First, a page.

Art Courier – Part 2
While in Bilbao, Spain, I walked for miles around the center of the city, along the waterfront. And I probably went around the Guggenheim a dozen times. The building is an amazing architectural wonder. Some love it, others don’t. I thought it was fantastic! It’s remarkable from any vantage point and the many bridges across the river give the opportunity to see it from great vantage points.
The outside of the building is covered in sheets of titanium. Many think the building has the shape of a ship in some ways. Fitting for a city that was a major maritime center at one time. There is hardly a straight line any where in the structure. Everything curves and bends and shimmers and reflects. In front of the museum, or perhaps it’s behind the museum, along the waterfront, is a large shallow pool of water spanned by an arching bridge. From under the bridge about every hour, a cool cloud of mist rises from a series of nozzles. An art installation in itself by Japanese artist, Nakaya, it is actually a fog sculpture. On the walkway stands the giant spider sculpture by Louise Bourgeois, towering above the pedestrians that walk by and the tourists that pose beneath its legs.
Unfortunately, I have no interior pictures of the museum, which is as striking and dynamic as the exterior. The museum does not allow photography inside, even in the lobby. But the ceilings soar, and the glass and steel become sculptures in themselves. The Surrealist Show was masterfully displayed with amazing attention to detail and presentation. I notice these things since it’s what I do in my job. And no easy feat since, like outside, there are no straight walls anywhere it seems. And the giant steel plate sculptures by Richard Serra were amazing. Huge, massive, curving gracefully. Overwhelming in size. Fantastic.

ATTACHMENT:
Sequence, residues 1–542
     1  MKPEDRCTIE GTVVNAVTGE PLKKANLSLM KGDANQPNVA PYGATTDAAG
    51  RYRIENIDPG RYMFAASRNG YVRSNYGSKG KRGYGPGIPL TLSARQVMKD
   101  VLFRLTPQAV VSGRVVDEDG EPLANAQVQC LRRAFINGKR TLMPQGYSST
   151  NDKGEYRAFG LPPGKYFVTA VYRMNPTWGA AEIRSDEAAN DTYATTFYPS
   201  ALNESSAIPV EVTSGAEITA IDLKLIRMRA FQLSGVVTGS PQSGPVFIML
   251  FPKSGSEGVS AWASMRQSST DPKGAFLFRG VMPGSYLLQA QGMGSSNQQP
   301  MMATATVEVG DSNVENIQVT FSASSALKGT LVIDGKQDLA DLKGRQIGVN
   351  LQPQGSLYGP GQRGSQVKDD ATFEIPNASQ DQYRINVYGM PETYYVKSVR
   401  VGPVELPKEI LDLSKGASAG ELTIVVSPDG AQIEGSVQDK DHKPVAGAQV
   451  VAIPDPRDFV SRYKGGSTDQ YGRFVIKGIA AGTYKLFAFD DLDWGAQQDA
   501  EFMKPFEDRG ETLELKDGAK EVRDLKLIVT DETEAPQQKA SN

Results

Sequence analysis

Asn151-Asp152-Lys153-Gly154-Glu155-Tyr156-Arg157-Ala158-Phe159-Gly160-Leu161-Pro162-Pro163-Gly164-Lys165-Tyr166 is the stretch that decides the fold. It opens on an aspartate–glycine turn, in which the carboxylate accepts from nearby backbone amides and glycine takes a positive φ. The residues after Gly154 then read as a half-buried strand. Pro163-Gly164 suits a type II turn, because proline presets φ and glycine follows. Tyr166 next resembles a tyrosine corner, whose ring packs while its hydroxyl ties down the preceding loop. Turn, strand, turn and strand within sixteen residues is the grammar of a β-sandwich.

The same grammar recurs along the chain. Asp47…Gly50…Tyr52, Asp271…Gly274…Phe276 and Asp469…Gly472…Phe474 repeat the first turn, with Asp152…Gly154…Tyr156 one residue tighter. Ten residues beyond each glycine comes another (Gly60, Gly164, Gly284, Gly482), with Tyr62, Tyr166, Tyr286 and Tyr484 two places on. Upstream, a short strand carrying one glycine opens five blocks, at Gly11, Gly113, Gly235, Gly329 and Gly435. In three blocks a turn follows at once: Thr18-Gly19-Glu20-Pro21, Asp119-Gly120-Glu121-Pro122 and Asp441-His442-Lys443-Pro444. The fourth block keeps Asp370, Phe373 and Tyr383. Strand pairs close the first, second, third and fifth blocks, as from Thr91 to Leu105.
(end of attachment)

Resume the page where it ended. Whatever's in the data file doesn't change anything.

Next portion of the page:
I was transported back to Madrid with our painting on Thursday and spent Thursday evening in downtown Madrid with Bill Ayers from the Long Island Museum. It was raining lightly when we left to take the Metro into the city, so I didn’t take my camera which I regretted later. I’d love to go back to Madrid and spend more time there.
Friday was back to the airport and out to NYC on an Iberia plane. The flight back was far better than going over but we arrived to rain in New York. I was guided to the warehouse for storage of the painting until Saturday morning and spent the night at the Beacon Hotel on Broadway in Manhattan. The view from the 25th floor looking back toward Central Park was quite beautiful, evening and morning.
The FedEx Custom Critical truck wasn’t due at the warehouse until 10:00 so I had time in the morning for an hour and a half in Central Park. What a spectacular landscape that park is. Everywhere you turn, the eye is presented with such beautiful arrangements of trees, flowers, water, architecture, and distant views of the New York skyline. Such a treasure, a retreat, in the middle of such an amazing city.
My ride back with Ron and Linda in the FedEx truck was probably the most pleasant part of the many legs of transportation I experienced. A fantastic husband and wife driving team in their highly specialized truck, we talked about everything. Ron was an enthusiastic photography buff and he and I talked photography much of the way back to Ithaca. I felt as though I had almost made this trip primarily to meet these two wonderful people. They treated me almost like family and I was so grateful to have had the hours to spend with them.
All Images are Copyright © George Cannon, All Rights Reserved.